Show What’s Right

Mentors: How can you show in your actions that you support healthy relationships and you believe abuse is never ok?

  • Be careful not to judge someone’s choices or show disapproval.
  • Recognize and reject stereotypes you may have about individuals, cultures, and issues.
  • Allow others to make their own decisions about the situation (step in when required by law).


  • Be a resource. Give others tools and show them where to go for more information.
  • Admit when you don’t know something.
  • Educate yourself on rape culture. Seek out current, evidence-based resources.


  • Encourage open discussion and critical thinking about sexual violence.
  • Clearly state you don’t tolerate any kind of sexual violence and that it’s an issue you take very seriously.
  • Quickly respond to violence of any type, including bullying, sexual harassment, and dating violence.


  • Try to use gender neutral language (e.g. “they” instead of “her” or “him”; “folks” instead of “guys”).
  • Be respectful to others around you (like your co-workers).
  • Address offensive language when it comes up by explaining why it’s hurtful.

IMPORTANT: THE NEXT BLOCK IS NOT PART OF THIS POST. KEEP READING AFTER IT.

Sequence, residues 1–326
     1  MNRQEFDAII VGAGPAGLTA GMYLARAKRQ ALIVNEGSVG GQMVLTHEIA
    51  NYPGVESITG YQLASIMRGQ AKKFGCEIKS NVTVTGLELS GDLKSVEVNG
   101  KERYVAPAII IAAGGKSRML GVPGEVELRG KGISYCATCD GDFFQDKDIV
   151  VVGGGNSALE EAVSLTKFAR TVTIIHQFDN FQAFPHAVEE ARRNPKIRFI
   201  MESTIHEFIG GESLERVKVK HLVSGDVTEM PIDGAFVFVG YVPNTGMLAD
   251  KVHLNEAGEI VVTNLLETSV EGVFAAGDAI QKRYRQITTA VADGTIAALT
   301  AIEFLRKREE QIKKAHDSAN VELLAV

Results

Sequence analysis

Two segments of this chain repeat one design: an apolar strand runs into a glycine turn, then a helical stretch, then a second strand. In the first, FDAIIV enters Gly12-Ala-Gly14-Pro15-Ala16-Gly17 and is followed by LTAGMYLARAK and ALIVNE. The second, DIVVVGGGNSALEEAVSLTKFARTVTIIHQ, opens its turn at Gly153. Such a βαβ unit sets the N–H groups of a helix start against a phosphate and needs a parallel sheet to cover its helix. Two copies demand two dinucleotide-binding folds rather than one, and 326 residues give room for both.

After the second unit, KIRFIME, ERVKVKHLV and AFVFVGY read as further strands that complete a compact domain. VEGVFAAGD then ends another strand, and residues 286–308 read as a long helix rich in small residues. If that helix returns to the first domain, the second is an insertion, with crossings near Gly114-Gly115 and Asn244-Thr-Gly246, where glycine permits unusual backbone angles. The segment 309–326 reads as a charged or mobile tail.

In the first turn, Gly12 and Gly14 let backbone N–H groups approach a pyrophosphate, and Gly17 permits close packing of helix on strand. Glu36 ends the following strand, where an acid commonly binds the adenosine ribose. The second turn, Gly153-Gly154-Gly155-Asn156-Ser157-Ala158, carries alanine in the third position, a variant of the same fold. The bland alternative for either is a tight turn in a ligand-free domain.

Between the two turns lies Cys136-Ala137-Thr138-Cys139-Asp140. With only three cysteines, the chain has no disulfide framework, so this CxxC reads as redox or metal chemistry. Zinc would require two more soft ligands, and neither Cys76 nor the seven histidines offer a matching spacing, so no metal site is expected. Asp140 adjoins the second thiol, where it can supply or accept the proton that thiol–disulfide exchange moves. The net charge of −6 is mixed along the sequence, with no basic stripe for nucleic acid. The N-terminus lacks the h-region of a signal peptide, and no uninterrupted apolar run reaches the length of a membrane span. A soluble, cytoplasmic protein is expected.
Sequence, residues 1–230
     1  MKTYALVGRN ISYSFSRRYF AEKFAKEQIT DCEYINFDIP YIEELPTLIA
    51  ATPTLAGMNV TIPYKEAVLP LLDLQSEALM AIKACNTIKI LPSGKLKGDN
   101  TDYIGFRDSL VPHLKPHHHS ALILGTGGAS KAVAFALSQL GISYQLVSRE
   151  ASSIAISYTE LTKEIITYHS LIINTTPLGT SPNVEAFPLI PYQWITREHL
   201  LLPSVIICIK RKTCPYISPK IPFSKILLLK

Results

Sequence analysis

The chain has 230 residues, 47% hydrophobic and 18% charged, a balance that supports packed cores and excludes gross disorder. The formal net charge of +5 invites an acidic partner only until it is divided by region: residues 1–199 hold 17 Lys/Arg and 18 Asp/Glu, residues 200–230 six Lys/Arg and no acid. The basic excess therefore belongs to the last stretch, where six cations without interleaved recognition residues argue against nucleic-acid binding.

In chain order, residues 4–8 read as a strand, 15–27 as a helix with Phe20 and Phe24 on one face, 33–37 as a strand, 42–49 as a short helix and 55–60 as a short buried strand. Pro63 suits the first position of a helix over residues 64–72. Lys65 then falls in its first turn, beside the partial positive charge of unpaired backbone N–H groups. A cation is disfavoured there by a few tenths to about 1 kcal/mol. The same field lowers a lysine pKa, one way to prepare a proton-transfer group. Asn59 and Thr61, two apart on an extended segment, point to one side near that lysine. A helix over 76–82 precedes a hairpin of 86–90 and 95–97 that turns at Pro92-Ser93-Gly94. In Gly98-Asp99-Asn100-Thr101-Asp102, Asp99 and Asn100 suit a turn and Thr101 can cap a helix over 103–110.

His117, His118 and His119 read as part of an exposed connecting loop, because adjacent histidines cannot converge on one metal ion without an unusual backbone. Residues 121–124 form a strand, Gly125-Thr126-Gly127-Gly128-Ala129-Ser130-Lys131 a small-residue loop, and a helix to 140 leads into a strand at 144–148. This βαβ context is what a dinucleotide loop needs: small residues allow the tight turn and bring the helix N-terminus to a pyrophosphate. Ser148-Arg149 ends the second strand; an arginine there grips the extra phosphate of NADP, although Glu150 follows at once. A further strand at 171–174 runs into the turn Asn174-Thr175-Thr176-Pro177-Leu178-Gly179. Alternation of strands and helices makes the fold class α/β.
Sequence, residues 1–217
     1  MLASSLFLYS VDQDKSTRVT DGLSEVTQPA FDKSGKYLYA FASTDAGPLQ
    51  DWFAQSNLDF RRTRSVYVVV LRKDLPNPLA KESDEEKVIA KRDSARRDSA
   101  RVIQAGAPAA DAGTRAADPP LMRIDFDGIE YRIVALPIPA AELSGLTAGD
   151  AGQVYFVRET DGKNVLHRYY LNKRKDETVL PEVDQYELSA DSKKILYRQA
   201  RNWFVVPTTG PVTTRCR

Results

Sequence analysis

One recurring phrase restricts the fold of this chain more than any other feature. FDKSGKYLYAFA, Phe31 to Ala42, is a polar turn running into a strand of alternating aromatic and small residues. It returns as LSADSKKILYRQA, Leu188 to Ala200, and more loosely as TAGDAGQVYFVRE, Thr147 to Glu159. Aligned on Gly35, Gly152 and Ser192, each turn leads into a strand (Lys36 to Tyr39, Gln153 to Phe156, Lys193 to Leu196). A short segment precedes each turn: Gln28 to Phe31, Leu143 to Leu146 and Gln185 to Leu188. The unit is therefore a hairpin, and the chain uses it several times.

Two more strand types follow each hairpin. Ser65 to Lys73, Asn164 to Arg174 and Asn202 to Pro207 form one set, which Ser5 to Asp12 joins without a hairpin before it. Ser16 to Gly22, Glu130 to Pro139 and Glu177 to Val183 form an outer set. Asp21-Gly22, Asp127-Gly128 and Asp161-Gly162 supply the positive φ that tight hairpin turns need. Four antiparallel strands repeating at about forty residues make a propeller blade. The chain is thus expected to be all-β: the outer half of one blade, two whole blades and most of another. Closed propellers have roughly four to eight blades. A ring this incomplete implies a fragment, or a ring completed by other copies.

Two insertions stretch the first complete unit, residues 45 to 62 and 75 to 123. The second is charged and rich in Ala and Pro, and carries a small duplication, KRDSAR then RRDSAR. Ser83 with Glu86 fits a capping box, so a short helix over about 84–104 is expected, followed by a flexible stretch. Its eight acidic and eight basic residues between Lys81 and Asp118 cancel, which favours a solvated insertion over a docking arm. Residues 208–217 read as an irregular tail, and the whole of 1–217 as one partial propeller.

• Promote gender equality among all members of the community.
  • When listening, note your body language. Face the person and make eye contact. Give them your full attention.
  • Let teens know it’s ok to say no, even in everyday situations. For example: “Jason, it’s ok to say ‘no’, but could you go to the copier and grab some copies for me?”.


  • Don’t make or laugh at sexist jokes.
  • Don’t perpetuate negative stereotypes (e.g. “You throw like a girl!”).
  • Embrace emotions. Let all genders know it’s ok to cry. Validate their feelings.


  • Show it’s ok to embrace friendships from other genders. Share examples of this from your own life.
  • Call out victim blaming when you see it.




Some content adapted from Love is Respect, Break the Cycle, A Call to Men, Healthy Teen Network, National Sexual Violence Resource Center.